Over the years young South Africans have proven to be extremely resourceful and dynamic with many having turned their great ideas into sustainable business ventures. It was therefore of no surprise when seven of our very own young entrepreneurs made it into the 2014 Forbes Top 30 list of the most promising young entrepreneurs in Africa. This was indeed a great achievement but it brought into question as to how many of these great minds do we have amongst a youth population of approximately 21.7 million. The harsh reality is that the number of such risk takers and opportunity hunters is simply too few in our current context. To address some of the major socio-economic challenges we face as a country such as job creation and poverty alleviation requires a larger cohort of successful young entrepreneurs. This is simply because entrepreneurs create new businesses, new businesses create more jobs and more jobs leads to more household income.


This bleak picture depicting a shortage of young entrepreneurs and the lack of a culture of entrepreneurship in the youth movement is unfortunately supported by facts. The Global Entrepreneurship Monitor or GEM Report for 2013 indicated that only 13% of young South Africans had intentions of starting a business. This represented a decline from 15% in 2012 and a shocking statistic when compared to the regions’ average of approximately 56%.  The report further indicated that the total early stage entrepreneurial activity rate or TEA rate amongst youth in South Africa was only 6.8% while other countries on the continent such as Nigeria, Malawi, Zambia and Ghana all had TEA rates of above 30%. The TEA rate accounted for the percentage of youth in the process of establishing new businesses or running existing enterprises that are less than three and half years old. Clearly we need to do more for youth entrepreneurship in South Africa. Similar sentiments have been echoed by various captains of industry and political leaders that indeed we simply do not have enough young entrepreneurs and more needs to be done to encourage young South Africans to become entrepreneurs. This challenge presents itself against the backdrop of a value system that is skewed towards producing job seekers rather than job creators. Yet many young South Africans possess high degrees of entrepreneurial talent and can easily be groomed into the future captains of industry. The young boy selling sweets to his peers on the school playground may have the business acumen that simply needs cultivation over time in order for him to become the next Patrice Motsepe.


The need to produce more young entrepreneurs and foster a culture of youth entrepreneurship has prompted discussions on how best to complement radical policy shifts with innovative and magnetic support programmes for those aspiring to take a bite at entrepreneurship. The recent launch of the 'Step Up to A Start Up' youth entrepreneurship programme, the brainchild of Primestars Media and the NYDA as the main sponsor in partnership with MTN, ABSA Bank, SASOL and other private sector entities, serves as an example of what needs to be done to get more young people thinking about business. It is a new and unique programme that targets youth in schools across the country using cinema and interactive manuals to encourage them to become entrepreneurs. More than 15 000 learners from a large number of rural schools in particular will go through the programme and be afforded the opportunity to have their business ideas funded if successful. They will also have the opportunity of being mentored by successful business people from selected companies listed on the Johannesburg Stock Exchange. Programmes of this nature provide information and guidance on elements of entrepreneurship to young people while at school thus inculcating entrepreneurial thinking and behavior sooner rather than later. Such programmes play a crucial role in fostering a culture of youth entrepreneurship.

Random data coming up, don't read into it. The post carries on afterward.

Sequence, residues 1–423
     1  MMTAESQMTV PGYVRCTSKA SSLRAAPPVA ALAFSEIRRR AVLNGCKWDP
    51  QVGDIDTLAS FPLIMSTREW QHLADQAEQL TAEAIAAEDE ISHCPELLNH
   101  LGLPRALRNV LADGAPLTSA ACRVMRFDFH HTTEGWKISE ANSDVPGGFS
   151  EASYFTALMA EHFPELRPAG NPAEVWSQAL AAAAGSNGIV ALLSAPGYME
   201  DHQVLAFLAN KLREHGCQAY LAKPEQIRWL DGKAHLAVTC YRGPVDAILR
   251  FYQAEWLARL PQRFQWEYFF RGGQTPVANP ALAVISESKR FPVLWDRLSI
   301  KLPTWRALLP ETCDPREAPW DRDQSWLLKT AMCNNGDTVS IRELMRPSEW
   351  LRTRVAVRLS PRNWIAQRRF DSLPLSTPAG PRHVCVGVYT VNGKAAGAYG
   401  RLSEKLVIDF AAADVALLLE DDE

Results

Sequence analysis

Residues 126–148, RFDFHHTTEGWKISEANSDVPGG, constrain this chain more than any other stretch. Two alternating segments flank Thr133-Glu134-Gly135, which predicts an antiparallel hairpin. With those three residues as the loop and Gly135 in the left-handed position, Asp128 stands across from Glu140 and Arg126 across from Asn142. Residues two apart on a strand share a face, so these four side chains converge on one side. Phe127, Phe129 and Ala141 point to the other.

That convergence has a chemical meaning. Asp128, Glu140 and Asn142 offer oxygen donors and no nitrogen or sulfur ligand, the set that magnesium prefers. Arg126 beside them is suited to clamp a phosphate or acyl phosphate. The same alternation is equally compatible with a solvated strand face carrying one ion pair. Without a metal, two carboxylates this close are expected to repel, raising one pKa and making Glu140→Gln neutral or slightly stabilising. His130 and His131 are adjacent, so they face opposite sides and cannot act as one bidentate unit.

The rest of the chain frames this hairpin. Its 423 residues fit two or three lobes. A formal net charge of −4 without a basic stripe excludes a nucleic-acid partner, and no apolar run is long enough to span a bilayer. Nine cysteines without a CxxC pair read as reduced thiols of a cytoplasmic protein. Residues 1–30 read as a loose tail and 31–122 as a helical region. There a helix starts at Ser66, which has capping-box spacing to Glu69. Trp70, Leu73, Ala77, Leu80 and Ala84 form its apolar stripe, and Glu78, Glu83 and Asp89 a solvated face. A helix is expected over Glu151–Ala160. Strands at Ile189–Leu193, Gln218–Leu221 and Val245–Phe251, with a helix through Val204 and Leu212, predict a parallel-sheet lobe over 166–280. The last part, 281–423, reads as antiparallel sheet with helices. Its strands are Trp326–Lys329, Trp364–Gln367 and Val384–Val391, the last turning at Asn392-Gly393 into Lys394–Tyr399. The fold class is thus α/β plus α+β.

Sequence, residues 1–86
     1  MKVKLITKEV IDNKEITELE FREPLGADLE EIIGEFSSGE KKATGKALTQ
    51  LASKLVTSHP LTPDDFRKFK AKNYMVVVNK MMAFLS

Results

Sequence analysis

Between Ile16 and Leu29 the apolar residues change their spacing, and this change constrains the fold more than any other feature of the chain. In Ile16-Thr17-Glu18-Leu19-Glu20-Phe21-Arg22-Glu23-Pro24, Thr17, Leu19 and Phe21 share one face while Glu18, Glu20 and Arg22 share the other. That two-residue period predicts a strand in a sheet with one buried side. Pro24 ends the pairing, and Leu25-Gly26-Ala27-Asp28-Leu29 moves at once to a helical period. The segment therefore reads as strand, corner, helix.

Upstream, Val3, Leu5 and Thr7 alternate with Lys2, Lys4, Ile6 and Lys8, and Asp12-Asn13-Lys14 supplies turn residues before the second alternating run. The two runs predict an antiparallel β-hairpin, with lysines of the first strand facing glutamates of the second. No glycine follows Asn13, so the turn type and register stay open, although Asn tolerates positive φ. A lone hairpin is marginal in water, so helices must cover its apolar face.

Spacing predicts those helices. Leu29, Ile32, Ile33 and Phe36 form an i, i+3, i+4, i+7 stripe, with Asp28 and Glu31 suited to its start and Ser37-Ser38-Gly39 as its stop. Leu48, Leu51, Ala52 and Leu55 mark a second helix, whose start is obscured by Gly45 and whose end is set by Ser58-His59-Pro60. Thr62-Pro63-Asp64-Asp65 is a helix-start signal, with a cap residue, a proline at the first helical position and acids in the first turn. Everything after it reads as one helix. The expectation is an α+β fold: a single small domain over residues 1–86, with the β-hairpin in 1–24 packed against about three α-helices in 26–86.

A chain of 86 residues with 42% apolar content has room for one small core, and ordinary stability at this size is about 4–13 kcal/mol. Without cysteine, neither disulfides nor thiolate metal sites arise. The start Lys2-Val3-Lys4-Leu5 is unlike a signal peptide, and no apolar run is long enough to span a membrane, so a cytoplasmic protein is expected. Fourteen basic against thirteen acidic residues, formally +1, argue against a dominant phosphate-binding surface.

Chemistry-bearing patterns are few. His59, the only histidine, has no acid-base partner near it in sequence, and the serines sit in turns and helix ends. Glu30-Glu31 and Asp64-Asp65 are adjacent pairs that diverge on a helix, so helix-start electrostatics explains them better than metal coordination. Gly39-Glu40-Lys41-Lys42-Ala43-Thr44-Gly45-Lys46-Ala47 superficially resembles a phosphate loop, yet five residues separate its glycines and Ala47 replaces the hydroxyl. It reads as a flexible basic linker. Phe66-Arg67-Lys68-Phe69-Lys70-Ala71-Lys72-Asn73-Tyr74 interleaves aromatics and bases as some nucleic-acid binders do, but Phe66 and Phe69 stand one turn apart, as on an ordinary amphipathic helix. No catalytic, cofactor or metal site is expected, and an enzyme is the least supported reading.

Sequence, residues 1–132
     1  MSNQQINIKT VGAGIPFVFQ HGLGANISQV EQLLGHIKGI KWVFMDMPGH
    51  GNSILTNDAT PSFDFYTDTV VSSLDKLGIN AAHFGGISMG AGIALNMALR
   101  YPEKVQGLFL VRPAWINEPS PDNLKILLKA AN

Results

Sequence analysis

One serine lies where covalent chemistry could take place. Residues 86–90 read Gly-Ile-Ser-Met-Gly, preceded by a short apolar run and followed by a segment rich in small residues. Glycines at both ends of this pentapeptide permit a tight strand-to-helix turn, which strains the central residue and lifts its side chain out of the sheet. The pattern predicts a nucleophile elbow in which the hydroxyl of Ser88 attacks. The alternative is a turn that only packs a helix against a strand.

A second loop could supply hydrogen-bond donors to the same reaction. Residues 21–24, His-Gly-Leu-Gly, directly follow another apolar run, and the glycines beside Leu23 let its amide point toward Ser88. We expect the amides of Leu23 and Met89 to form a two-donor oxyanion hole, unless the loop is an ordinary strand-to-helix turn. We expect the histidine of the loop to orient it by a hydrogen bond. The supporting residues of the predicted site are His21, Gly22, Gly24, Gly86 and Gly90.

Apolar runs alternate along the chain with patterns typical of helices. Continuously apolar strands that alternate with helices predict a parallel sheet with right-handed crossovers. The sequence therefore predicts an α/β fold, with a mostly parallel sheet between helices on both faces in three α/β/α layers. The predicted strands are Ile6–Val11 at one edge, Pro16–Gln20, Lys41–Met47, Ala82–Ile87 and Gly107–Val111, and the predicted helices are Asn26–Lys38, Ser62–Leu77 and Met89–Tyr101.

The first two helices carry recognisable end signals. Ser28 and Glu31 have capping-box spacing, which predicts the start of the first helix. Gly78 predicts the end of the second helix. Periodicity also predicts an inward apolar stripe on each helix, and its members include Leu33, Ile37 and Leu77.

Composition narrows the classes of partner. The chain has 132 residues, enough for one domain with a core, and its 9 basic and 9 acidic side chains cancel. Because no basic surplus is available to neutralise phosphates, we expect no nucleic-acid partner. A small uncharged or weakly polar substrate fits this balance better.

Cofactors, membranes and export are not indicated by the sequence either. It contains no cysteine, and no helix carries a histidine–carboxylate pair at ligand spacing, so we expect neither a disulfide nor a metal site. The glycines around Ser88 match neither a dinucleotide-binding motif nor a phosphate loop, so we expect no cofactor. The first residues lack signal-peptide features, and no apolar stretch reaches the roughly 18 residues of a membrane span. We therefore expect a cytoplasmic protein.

The potential is there for all to see and so too is the availability of support. The availability of financial and non-financial support for young entrepreneurs has increased exponentially over time and today the NYDA, SEFA and IDC partnership that provides loans, business development support and mentorship for youth – owned enterprises is one of the largest state support programmes in existence. A staggering R2.7 billion has been allocated specifically to support aspiring young entrepreneurs. Another example is the new NYDA Youth Entrepreneurship Grant Programme that provides grant finance, business development support and mentorship to micro and small youth – owned enterprises in order to nurture a small business culture amongst the youth. Clearly the availability of support is not an issue. A plethora of financial and non-financial support exists for those young South Africans who want to become entrepreneurs.


The major challenge seems to be a lack of information on how best to access this support. Yes the laborious red tape is another challenge to an enabling environment for the growth of young entrepreneurs but most young people simply lack the ‘know how’ of accessing support more than anything else. Information, guidance and support can go a long in fostering a culture of youth entrepreneurship. No single entity or stakeholder has the resources or capacity to provide the right mix of information, guidance and support. It therefore becomes necessary to forge public–private partnerships for the development and implementation of new and unique youth entrepreneurship programmes. It is then up to young people to take the initiative and seize the opportunity to be a successful entrepreneur. Ultimately success lies in the youth themselves to be brave, bold and courageous and realise that in fact the best time to take a risk is when you are young.


  • Yershen Pillay is the Chairperson of the National Youth Development Agency.